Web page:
This isn't a massive problem in a genre where tinkering and whacking are the key components, but it does frustrate a little when the game over-elaborates certain sections with long treks to out-of-the-way smashables (usually harbouring bounty or red orbs, which are the only in-game health pickups), and in the sections where you step through the water into the NORN "cyberspace" and do something to affect the real world. "Puzzles" would be too strong a word in most cases; you often walk to a designated spot, push a button, and then watch a cut-away scene that shows what you just did, allowing you to trek back to that point and take advantage.
But while this sort of thing is forgivable (not to mention optional), our real concern with Too Human is that the combat and plot struggle to carry you between the bits you like: most often the RPG character-customisation elements, which are arguably meant to be the supporting act in the first place.
There's a lot you can do to your enemies on the battlefield, but there doesn't seem to be a lot they can do to you - and certainly not a lot you'll struggle to get past. The analogue controls are a little groggy and the combo system takes a while to accept, but despite this and despite an automatic camera that seems to be in league with the opposition whichever option you choose, you're not in any lasting danger. The checkpoints deposit you back in the action with no more enemies to face than when you expired, so if you can't get the measure of a situation you can always watch a few death animations and eventually advance through weight of respawns.
That said, enemies rarely do more than take up basic roles against you, so you prioritise the pesky ranged ones then despatch the rest in a close-quarters frenzy, which is borderline button-mashing until you learn or decide to restrain yourself. Gunplay feels like an afterthought throughout. More exotic, boss-style adversaries usually have various components to target, but in the absence of a party to back you up there's little strategy to enact.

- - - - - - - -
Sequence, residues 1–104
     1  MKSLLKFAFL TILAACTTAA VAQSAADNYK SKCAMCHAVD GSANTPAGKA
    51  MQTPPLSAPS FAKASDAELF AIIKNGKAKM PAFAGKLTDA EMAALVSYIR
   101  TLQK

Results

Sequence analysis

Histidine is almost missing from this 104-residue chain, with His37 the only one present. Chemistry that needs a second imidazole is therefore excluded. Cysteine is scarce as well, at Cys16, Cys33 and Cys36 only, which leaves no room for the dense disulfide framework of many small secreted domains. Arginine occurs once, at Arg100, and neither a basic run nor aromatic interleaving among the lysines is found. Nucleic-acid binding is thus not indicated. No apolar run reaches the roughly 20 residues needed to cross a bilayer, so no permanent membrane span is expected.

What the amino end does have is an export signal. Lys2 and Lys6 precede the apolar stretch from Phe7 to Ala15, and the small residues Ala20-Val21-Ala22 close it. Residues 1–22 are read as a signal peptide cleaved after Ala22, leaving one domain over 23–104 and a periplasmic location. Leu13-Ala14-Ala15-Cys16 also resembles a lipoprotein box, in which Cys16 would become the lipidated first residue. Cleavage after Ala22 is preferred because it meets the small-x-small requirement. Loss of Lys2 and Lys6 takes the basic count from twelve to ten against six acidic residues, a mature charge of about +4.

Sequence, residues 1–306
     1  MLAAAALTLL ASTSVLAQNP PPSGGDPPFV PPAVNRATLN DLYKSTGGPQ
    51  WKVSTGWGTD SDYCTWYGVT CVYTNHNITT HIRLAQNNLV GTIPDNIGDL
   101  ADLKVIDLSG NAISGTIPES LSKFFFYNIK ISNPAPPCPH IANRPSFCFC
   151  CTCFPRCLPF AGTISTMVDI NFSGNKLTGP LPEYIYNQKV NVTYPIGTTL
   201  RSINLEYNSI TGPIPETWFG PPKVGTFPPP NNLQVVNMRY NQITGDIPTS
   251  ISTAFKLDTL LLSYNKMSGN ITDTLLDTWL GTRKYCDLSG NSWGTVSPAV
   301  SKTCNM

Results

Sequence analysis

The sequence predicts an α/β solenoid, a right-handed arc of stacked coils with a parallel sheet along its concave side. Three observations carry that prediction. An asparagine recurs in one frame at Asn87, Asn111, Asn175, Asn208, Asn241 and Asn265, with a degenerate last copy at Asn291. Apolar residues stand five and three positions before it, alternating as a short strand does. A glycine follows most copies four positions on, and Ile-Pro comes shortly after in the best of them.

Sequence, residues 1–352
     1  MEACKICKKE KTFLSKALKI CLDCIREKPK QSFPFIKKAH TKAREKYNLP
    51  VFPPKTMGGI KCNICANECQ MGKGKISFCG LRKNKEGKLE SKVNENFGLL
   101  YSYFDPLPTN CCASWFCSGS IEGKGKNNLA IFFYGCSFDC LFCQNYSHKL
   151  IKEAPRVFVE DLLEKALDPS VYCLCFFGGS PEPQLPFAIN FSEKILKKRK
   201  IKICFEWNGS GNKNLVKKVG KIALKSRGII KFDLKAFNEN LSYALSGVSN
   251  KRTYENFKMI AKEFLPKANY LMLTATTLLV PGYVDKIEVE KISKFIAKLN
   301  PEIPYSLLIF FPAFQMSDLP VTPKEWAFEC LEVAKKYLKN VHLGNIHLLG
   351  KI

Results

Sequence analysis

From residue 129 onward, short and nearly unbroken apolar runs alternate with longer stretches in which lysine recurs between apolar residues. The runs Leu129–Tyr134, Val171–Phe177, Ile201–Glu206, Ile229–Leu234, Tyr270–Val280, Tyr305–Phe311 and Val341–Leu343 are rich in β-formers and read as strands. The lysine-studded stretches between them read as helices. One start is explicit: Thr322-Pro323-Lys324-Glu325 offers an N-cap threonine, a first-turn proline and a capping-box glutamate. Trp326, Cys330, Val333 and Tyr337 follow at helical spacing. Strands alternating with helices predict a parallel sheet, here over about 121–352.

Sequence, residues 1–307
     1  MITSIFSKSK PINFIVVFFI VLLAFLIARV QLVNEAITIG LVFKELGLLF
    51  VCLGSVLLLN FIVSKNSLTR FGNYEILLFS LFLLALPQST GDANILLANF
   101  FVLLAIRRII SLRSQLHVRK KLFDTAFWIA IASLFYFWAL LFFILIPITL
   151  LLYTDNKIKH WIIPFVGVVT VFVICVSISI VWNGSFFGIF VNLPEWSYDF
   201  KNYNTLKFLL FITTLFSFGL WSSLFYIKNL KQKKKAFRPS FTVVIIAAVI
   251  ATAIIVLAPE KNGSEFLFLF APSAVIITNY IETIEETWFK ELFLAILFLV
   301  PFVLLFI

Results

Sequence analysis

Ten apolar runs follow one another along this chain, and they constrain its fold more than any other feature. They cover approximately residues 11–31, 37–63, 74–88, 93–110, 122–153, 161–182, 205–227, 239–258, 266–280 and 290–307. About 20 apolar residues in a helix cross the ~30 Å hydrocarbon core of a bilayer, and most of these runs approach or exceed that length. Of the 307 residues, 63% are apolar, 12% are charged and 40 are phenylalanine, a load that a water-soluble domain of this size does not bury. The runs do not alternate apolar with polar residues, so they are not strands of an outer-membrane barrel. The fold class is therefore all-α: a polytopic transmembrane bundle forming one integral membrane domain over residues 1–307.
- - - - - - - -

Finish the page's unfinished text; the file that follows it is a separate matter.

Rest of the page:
The original idea was to have drop-in/drop-out four-player multiplayer, which would have made sense given the different classes available (there's a tank, a healer, a ranged attacker, etc), but this has been reduced to two-player over Xbox Live. With no local play that we could uncover, we didn't get to test this, but reports abroad suggest that there's no change to the forgivingness of the death/respawn cycle, so in theory there's no need to fight together to survive, just another greedy inventory to feed with loot.
For all its scale, gizmos and Norse namedropping, there's little personality to the places you visit and the people you encounter, either. Soldiers in the dispensable human wolf pack that back you up banter back and forth but it's frat-boy mercenaries on a road-trip. The dialogue throughout is part daytime soap opera, part school play, and the sets - far from giving the game a sense of place and atmosphere - are just bizarre. Okay, you're meant to be gods, but does this really mean the boss's office should be in a sort of whale ribcage construct with giant sparrow statues suspended over a mountain range accessible only by a magic floating platform? After witnessing what BioWare achieved with Mass Effect a few months ago, it's all a bit pantomime.
Which is a shame, and hopefully something the game conquers as you cast off the stabilisers and get stuck in properly. We've deliberately avoided racing through what must be a near-final build so as not to prejudice the review too much, so there's still the chance for it to surprise us later. The problem is that after a handful of hours in Baldur's shiny, customisable armour, it really would be a surprise. There's a nice resource management and skills-chasing sub-RPG lurking in the menus, but the rest is repetitive, overly forgiving and quickly forgotten. In answer to our original question, then, we suspect the elephant would have pitched up anyway. We'll see next month.
Too Human is due out exclusively for Xbox 360 on 29th August.